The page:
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From Planning to Stalemate

by: Cydney Tinsley

From Planning to Stalemate HIST 3121

Marketplace > University of Colorado Denver > History > HIST 3121 > From Planning to Stalemate
Cydney Tinsley
CU Denver
GPA 3.2

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About this Document

These notes cover German and French planning for WWI and the stalemate that occurred from it.
World at War 1914-1945
Michael Kozakowski
Class Notes
history, WWI, Pre-WWI, World-at-War
25 ?




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This 2 page Class Notes was uploaded by Cydney Tinsley on Tuesday August 30, 2016. The Class Notes belongs to HIST 3121 at University of Colorado Denver taught by Michael Kozakowski in Fall 2016. Since its upload, it has received 16 views. For similar materials see World at War 1914-1945 in History at University of Colorado Denver.


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Date Created: 08/30/16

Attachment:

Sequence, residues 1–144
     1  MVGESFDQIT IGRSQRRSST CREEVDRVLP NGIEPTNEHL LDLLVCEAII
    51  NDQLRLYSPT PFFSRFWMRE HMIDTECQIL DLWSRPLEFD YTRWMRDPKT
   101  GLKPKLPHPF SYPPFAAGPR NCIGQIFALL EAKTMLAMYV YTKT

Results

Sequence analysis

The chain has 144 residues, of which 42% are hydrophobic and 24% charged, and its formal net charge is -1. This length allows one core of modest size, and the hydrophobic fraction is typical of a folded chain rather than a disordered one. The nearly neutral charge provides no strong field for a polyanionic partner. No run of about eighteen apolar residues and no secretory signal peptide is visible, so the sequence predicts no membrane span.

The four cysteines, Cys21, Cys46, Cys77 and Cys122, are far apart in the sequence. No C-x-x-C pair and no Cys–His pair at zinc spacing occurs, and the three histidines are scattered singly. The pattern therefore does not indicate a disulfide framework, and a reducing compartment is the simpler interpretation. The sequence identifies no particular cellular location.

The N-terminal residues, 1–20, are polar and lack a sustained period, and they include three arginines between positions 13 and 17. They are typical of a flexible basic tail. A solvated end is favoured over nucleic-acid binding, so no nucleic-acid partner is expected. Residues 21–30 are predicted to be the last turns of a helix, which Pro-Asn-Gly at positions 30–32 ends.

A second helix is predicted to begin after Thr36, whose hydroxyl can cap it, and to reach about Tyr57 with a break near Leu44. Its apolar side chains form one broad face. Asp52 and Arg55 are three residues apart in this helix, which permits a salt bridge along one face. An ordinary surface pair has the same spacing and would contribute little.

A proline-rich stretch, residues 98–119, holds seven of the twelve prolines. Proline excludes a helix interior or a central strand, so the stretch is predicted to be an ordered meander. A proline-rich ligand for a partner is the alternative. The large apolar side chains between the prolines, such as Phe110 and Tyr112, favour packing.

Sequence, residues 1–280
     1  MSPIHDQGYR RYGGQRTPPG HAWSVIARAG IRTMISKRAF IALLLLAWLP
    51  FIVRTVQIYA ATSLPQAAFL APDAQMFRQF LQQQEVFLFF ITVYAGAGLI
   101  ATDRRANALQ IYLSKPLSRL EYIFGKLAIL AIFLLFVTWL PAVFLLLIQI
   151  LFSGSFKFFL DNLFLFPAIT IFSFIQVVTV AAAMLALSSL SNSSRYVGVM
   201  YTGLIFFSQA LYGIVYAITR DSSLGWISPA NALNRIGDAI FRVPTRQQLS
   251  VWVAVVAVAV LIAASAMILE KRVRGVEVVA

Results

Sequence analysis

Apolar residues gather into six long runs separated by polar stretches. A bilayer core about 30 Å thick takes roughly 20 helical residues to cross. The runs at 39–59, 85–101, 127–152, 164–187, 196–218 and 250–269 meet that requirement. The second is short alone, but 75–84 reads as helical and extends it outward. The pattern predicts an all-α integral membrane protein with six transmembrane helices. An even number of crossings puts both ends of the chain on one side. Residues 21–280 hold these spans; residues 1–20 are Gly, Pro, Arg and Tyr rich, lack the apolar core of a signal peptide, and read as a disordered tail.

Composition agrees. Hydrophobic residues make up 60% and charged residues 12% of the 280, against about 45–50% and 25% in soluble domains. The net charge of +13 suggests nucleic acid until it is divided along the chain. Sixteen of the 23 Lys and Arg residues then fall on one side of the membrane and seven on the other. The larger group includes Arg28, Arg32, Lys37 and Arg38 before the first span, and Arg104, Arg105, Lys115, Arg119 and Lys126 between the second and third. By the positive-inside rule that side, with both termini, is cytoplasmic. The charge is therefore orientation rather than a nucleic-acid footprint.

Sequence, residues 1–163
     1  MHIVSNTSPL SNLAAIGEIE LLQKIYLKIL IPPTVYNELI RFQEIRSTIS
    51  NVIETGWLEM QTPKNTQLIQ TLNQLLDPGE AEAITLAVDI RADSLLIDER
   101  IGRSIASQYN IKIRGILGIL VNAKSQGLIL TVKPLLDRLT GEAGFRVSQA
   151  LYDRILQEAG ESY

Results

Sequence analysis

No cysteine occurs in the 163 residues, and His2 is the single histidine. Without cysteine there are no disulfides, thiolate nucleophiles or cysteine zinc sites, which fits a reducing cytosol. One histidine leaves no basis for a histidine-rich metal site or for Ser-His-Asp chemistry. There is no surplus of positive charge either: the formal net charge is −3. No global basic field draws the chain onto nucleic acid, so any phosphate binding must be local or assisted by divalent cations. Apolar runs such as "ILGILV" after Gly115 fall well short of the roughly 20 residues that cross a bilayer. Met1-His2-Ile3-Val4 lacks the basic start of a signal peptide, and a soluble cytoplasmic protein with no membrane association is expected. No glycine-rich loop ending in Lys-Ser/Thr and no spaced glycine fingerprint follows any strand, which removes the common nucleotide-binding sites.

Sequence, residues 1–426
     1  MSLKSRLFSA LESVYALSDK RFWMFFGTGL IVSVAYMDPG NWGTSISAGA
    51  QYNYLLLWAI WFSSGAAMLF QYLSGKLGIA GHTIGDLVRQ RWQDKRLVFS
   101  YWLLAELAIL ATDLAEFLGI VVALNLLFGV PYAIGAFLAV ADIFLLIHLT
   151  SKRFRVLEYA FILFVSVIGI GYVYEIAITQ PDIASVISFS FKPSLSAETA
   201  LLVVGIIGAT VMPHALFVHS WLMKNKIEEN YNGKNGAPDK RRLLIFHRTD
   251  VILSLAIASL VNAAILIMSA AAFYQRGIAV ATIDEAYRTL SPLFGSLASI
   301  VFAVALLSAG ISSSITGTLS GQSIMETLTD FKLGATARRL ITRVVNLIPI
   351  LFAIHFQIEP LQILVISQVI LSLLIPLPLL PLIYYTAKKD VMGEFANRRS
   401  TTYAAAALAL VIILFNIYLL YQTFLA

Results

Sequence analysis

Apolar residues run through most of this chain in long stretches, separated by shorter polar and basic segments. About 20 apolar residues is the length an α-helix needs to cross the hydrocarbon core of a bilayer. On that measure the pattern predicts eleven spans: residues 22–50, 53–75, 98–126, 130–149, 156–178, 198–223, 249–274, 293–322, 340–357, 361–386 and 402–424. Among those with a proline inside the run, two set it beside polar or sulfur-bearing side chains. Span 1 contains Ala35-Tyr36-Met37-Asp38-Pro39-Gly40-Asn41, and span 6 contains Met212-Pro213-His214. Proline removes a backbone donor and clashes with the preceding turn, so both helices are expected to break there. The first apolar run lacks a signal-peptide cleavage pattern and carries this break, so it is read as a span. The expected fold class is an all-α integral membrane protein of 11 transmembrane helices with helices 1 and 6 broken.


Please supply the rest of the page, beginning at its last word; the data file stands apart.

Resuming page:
Cydney Tinsley World at War Day 3: Key Dates, French and German Planning, and Stalemates Key Dates, French and German Planning, and Stalemates Key Questions: 1. What are the origins of WWI? 2. Why did WWI become an extended stalemate? 3. What was the plan for winning and where did it go wrong? 4. Why was there a stalemate on the Western Front? 5. How did the character of war change, (compared to previous wars)? 6. What was different about the Eastern Front and what were the implications? 7. How did the US get involved? Key Dates of the July Crisis: 1. June 28 , 1914: Assassination of Archduke Ferdinand. 2. July 23 , 1914: Austria-Hungary sent it’s ultimatum to Serbia. th th 3. July 24 /25 , 1914: Russia/Serbia mobilizes; Serbia only partially accepts the ultimatum. 4. July 28 , 1914: Austria-Hungary declares war on Serbia; various parties mobilizth 5. July 30 , 1914: Russia mobilizes against Germany. 6. August 2 , 1914: Germany attacks Luxemburg. 7. August 3 , 1914: Germany declares war on France. th 8. August 4 , 1914: Germany declares war on Belgium; Britain declares war on Germany. French/German Planning for War 1. Schlieffen Plan: Germany knows that the German-French border is fortified, so they decided to go through Belgium and attack from behind. 2. French Plan: Send their full forces and concentrate them all on the German- French border. 3. The French have an advantage as they own most of the railway systems. 4. Germany also is not completely ignoring their Russian border; while most of their forces are off fighting the French, a few stayed behind and defended the border alongside Austria-Hungary and the Ottoman Empire. Stalemate 1. During the Battle of the Marne, Germany and France continuously tried to outflank each other. This began entrenchment throughout the German, French, and Belgian borders, leading to a stalemate on the Western Front. 2. Germany saw that it would be hard to win the stalemate and decides to focus more on defense, particularly alongside the Russian border. Cydney Tinsley World at War Day 3: Key Dates, French and German Planning, and Stalemates 3. France, on the other hand, decided to increase offence and began slowly moving with artillery fire. 4. During this stalemate, the first use of chlorine gas occurred, although for multiple reasons it wasn’t effective. 5. The British realized that there would need to be a large army to end a stalemate, and Lord Kitchener of Britain calls in a Conscription Army (draft) of civilians. 6. The war becomes more of a ‘who can outlast the other’ thing than a ‘let’s end this quickly’. This caused a large, drawn out conflict that everyone knew was going to take a long time. Larger armies were brought in and civilians began to help in any way they could, leading to the first civilian-targeted attacks. Battle of Verdun 1.Verdun was a French territory targeted by the Germans. Germany knew that Verdun was extremely important to the French and knew that the French would waste their time defending this sentimental city. However, equal loss of troops caused the Germans to back out. Battle of Somme 1.July-August of 1916. 2.Between France and Germany. 3.First use of tanks. 4.Seen as a big waste. One million people died in only 6 miles of territory, which no brake on the front.


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